The negative effects of going Greek outweigh the benefits


By Jack Baker

Fraternities are just not for me. In my time at NIU, I have never once considered joining one.

Sure, a lot of people see them as a way to make new friends, have fun or get more out of their college experience, but I just do not see the appeal.

I have always believed that everything that fraternities and sororities offer is available in other places and that the drawbacks of going Greek far outweigh the benefits.

First of all, you don’t need to rush a fraternity or pledge a sorority to make friends. It is not hard to meet people, especially when you consider that there are some 20,000 other students that go to school here with you. Whether it is the people you live with in the dorms during your freshman year or the students you share classes with, you are bound to find a bunch of people that you share some common interests with.

If that doesn’t work for you, there are also a ton of other student organizations at NIU, covering everything from the Aikido Club to the Women’s Rights Alliance.

Whatever your interests are, there is probably a student group on campus for you to get involved in and make friends with the other members.

Another thing to consider is the houses. Many of the fraternities and sororities require members to live in their house for some time.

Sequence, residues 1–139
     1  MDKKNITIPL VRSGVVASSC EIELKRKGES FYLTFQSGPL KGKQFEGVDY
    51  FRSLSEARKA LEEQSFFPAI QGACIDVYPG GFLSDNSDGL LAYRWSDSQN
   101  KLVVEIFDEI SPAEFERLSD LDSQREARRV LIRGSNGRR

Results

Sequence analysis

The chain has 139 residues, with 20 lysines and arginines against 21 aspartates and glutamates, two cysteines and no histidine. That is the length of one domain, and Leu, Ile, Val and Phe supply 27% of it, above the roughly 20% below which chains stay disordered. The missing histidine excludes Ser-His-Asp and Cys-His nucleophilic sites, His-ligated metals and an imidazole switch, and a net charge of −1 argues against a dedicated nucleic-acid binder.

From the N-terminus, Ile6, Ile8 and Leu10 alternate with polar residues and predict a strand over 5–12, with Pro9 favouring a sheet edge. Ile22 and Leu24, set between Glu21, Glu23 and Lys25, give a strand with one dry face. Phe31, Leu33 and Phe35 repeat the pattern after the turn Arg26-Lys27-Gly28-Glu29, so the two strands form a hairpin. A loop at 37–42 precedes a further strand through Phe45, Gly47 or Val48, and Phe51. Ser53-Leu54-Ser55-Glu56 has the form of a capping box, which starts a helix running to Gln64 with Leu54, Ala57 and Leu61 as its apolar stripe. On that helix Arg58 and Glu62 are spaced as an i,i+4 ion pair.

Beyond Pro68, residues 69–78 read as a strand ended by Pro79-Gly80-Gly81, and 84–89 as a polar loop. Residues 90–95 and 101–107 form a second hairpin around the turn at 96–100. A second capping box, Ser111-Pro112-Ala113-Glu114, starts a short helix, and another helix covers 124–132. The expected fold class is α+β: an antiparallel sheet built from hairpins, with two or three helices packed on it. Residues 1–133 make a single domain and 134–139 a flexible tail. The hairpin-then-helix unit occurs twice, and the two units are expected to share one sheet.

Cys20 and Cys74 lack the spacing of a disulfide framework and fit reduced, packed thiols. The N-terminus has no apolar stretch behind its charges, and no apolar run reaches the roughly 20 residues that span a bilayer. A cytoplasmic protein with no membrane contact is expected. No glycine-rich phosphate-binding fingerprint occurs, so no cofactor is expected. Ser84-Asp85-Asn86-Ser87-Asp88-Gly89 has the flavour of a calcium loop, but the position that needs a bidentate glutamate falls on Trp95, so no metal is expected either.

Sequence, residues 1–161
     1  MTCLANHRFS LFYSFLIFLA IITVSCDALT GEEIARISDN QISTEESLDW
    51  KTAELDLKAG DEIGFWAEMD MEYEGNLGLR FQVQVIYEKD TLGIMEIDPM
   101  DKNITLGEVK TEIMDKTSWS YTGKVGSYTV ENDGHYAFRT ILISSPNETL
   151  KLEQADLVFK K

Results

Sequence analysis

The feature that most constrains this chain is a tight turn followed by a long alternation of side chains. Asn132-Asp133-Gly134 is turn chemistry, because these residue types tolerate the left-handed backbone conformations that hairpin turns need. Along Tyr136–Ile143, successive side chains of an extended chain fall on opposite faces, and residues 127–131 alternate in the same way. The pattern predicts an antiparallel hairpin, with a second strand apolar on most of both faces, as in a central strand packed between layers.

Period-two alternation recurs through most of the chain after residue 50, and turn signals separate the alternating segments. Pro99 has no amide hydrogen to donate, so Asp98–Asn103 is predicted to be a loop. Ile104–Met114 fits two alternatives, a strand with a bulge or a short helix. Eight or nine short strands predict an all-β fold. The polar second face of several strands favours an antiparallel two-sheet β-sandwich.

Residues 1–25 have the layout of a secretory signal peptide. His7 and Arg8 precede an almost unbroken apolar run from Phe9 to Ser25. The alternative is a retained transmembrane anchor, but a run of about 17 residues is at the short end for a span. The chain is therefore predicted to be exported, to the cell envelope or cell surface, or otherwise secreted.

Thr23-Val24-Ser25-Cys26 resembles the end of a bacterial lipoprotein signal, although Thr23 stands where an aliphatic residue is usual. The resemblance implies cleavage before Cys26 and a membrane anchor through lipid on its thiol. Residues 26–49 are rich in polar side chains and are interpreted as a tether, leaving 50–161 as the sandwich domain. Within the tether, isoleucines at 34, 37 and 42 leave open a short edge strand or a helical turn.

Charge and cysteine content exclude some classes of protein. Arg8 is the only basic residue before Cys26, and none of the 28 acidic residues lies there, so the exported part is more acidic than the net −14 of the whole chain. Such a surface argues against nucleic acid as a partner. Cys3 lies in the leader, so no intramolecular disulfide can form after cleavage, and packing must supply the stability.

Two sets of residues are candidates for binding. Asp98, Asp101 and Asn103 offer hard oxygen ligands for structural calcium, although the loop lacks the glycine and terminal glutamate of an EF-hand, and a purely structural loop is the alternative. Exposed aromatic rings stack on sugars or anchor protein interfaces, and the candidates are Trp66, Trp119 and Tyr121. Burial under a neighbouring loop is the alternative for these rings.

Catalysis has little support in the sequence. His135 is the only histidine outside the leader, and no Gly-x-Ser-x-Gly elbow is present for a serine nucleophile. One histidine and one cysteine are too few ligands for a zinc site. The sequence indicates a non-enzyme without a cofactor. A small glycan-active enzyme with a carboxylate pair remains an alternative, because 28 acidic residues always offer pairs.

This would be a huge problem for me, because I have never gone inside of a frat house and thought, “Wow, this would be a nice place to live.”

While the sorority houses seem nice from the outside, the frat houses here are pretty much all disgusting. They are dirty, loud and seem like a miserable place to live.

The parties in them would probably be fun, except when you have to work security or clean up after them.

I for one would much rather just have the option of going to one of their parties and forego the cleaning up afterwards.

Finally, the biggest reason why I never joined a fraternity was the effect that it would have on my academics.

A recent sociological study conducted by Richard Arum of New York University and Josipa Roksa of the University of Virginia found that students that joined the Greek system showed a decrease in learning.

Now some of the Greek organizations do require study tables in order to help keep their members’ grade point averages up, but the study also found that students perform their best when they study on their own. This could be problematic when living in a loud house with so many other people.

Some might think that spending your time in any student group would have the same negative effect on academics that joining a Greek organization would, but the study found that students that joined on-campus clubs, volunteered or had an off-campus job did not have the same decreases in learning as students that joined fraternities or sororities.

For students looking for ways to get more out of their college experience, there are so many better alternatives to the Greek system that don’t require you to live in a dirty house with a bunch of people that you may or may not like and that won’t hurt your academics.

So before you go out and go Greek, look at some alternatives first.